Tagged: grief

Consequences and Coping With Them (Episode 20 of Rahxephon)


After the revelations of episode 19 of Rahxephon, the expectation – the anticipated progression of a traditional narrative which has just reached its tragic mid-point climax and is surely beginning its turnaround to eventual victory – would be that there would be some focus on Ayato’s response to the tragedy he has experienced. It would be catharsis, after the fight that has just occurred, a clear sign that the story is unlikely to go lower and will begin its narrative upturn. Losing someone close to them is usually the catalyst for a protagonist to toughen up and get some vengeance, but this is shown in narrative terms by showing how they respond to their grief – it is their story, and they response matters. There is no catharsis in episode 20 of Rahxephon. It glosses over, in explicit terms, Ayato’s response to episode 19. He has got over it. How and why is not shown.

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Talking to Women in Episode 38 of Eureka Seven


While the A-plot of Eureka Seven episode 38 continues the story of Dewey’s coup d’etat and how it has put Stoner and Holland on the back foot, the more interesting story is the B-plot of Renton and Eureka trying to reconcile after an argument. In a recent article about Captain Earth I discussed how a real high point of the series was its treatment of the alien child Teppei’s relationship with his biological father, who he had never seen in his life. Teppei was presented as so alien he could not comprehend why it mattered that he met his father, and why this man was so attached to him. It was a strong episode, approaching a stock mecha plotline (of the alien prince, or the half-alien half-human such as Eiji from Layzner – with whom Teppei’s father shared a name) from an interesting, more human perspective. Eureka Seven 38 approaches the same plot with the benefit of almost 40 previous episodes to build up its concept of a relationship between the human and the alien; it is by now the most important theme of the story, and that finally it comes to the foreground in plain terms continues to drive on a steadily-building sense of tension.

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Music and Misdirection – Episode 10 of Rahxephon


As of episode 9 of Rahxephon, it seems that the established traditional super-robot arc is coming to an end; the mysteries about the supernatural, anti-technological aspects are coming to the fore and it is reveals there is something significant about Quan as well as Reika. In some ways the dream episode just seen could be unsatisfying; there is a mixture of pouring new mysteries onto those that are still not fully known, and almost-straightforward expository revelations. Yet this ambiguity – the way in which simply explaining something has been subverted by the cast – is ultimately the driving force of the plot.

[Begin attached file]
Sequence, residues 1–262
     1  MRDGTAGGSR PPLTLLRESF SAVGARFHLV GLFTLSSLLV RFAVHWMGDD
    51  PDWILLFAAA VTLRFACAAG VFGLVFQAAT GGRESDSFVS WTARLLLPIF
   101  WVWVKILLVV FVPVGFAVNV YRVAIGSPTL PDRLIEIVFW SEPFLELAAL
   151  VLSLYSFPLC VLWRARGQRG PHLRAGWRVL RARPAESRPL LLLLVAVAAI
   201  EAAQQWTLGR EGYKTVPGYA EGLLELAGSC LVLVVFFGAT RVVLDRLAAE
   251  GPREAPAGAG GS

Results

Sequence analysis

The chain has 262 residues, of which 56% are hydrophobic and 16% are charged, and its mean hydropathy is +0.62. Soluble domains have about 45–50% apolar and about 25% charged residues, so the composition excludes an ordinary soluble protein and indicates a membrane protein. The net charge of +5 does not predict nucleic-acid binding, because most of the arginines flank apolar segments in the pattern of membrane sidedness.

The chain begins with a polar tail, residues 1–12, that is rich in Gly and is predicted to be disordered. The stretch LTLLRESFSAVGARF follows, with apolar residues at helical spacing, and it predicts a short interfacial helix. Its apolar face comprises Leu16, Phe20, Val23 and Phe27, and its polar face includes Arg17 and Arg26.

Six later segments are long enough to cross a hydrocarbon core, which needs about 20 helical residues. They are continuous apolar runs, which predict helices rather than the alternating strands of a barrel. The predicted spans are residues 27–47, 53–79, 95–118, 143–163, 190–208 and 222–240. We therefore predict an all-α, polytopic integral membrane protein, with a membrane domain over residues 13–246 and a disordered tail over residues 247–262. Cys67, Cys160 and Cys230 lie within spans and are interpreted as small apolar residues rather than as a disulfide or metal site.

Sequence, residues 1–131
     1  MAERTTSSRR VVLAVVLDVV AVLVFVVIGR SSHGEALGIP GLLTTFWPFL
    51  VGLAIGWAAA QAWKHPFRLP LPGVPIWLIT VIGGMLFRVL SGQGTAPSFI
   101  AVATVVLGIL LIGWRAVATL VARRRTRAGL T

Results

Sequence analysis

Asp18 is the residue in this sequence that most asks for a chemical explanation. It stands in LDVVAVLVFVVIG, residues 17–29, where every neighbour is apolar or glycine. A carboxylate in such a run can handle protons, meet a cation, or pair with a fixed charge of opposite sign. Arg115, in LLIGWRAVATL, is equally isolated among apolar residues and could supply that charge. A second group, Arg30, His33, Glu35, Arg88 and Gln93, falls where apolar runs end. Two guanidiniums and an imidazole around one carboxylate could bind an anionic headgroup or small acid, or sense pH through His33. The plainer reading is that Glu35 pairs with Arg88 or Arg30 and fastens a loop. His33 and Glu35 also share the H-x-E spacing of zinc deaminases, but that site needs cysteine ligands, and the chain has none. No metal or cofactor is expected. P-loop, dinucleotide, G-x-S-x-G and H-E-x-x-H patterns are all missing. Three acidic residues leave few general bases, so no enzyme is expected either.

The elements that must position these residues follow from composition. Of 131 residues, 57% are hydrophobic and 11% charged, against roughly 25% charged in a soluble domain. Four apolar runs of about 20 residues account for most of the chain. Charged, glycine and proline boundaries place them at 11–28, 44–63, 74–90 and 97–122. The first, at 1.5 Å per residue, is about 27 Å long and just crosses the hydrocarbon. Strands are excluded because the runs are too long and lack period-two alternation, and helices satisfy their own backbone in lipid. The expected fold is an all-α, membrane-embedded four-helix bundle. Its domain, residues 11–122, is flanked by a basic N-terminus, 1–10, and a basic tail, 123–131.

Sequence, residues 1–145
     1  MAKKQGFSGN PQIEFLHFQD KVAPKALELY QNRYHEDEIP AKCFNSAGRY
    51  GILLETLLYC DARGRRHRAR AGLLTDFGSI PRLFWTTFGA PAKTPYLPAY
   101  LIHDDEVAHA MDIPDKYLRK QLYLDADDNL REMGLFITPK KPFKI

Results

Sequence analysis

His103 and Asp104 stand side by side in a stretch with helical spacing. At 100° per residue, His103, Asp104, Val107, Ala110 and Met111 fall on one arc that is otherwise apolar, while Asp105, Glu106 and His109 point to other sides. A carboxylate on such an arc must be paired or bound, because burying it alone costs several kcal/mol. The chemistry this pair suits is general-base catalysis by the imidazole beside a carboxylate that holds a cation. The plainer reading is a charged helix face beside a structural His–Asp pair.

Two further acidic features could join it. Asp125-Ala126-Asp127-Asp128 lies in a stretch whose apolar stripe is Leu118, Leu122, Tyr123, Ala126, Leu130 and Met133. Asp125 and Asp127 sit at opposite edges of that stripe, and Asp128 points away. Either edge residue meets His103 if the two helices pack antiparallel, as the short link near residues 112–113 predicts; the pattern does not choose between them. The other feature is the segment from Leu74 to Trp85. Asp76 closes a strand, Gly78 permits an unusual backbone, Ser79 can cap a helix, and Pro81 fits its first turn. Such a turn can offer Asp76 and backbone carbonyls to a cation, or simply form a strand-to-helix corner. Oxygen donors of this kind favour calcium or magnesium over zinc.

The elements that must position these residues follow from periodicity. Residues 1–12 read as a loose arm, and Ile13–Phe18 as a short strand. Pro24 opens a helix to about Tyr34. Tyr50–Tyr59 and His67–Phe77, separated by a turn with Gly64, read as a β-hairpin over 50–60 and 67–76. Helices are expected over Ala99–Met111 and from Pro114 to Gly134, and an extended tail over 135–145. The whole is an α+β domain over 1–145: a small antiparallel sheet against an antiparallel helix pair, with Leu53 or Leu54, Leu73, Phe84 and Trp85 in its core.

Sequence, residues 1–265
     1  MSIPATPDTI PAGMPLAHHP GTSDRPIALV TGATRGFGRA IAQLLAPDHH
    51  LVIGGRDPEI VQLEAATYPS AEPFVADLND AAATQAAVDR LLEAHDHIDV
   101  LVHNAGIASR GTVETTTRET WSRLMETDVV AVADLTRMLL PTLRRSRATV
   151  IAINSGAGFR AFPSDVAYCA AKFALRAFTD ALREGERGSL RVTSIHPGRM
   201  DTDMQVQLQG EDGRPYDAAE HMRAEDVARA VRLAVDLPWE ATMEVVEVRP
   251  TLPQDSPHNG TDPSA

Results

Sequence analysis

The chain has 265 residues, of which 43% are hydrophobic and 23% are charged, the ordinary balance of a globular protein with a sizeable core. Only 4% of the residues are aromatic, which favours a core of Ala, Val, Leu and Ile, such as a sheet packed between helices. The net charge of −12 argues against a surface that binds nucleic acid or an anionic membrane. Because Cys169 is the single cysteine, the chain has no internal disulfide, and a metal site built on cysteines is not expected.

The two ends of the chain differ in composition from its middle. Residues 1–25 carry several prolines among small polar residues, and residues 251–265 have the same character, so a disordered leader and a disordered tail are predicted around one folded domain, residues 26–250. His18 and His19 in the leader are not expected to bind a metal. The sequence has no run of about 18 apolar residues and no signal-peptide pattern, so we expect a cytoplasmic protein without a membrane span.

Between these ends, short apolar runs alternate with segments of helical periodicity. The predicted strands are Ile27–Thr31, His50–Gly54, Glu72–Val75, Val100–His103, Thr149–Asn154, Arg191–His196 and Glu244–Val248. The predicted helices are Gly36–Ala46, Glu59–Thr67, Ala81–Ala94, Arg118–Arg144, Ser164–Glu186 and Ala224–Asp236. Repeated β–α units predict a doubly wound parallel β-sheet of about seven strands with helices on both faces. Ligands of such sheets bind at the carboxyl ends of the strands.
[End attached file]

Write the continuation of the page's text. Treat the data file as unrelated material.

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Closure – Episode 28 of Eureka Seven


Note: This article is also available at Super Fanicom HERE

Episode 27 of Eureka Seven was divided into two sections; the tense buildup to the battle which provided the exposition that will become key in the series’ latter half, and the battle between Holland and Charles itself, resulting in the latter’s death and his wife’s escape. Episode 28 seems to continue this story right from the start, but moving backwards in the narrative to contextualise what has happened. It begins with Ray in hospital, telling Charles she is infertile because of “that phenomenon” – yet this becomes the moment at which he proposes to her.

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Battle of Wits – Episode 27 of Eureka Seven (B-Part)

Ray and Charles' battle with Holland is a fight of equals, quite unlike Amuro fighting Ramba Ral.

Ray and Charles’ battle with Holland is a fight of equals, quite unlike Amuro fighting Ramba Ral.

Note: This article is also available at Super Fanicom HERE

The “A-Part” of episode 27 of Eureka Seven was dense with worldbuilding, using the moments of peace immediately prior to Ray and Charles’ apparent suicide attack to build tension while also – through snatched conversations – lay down the groundwork for the conflicts that will define the second half of the series. As Holland continually moved to shut himself off from distractions and turn the Gekko into a battlefield, the other characters looked forwards to the future – calling into question the Gekkostate’s future relevance.

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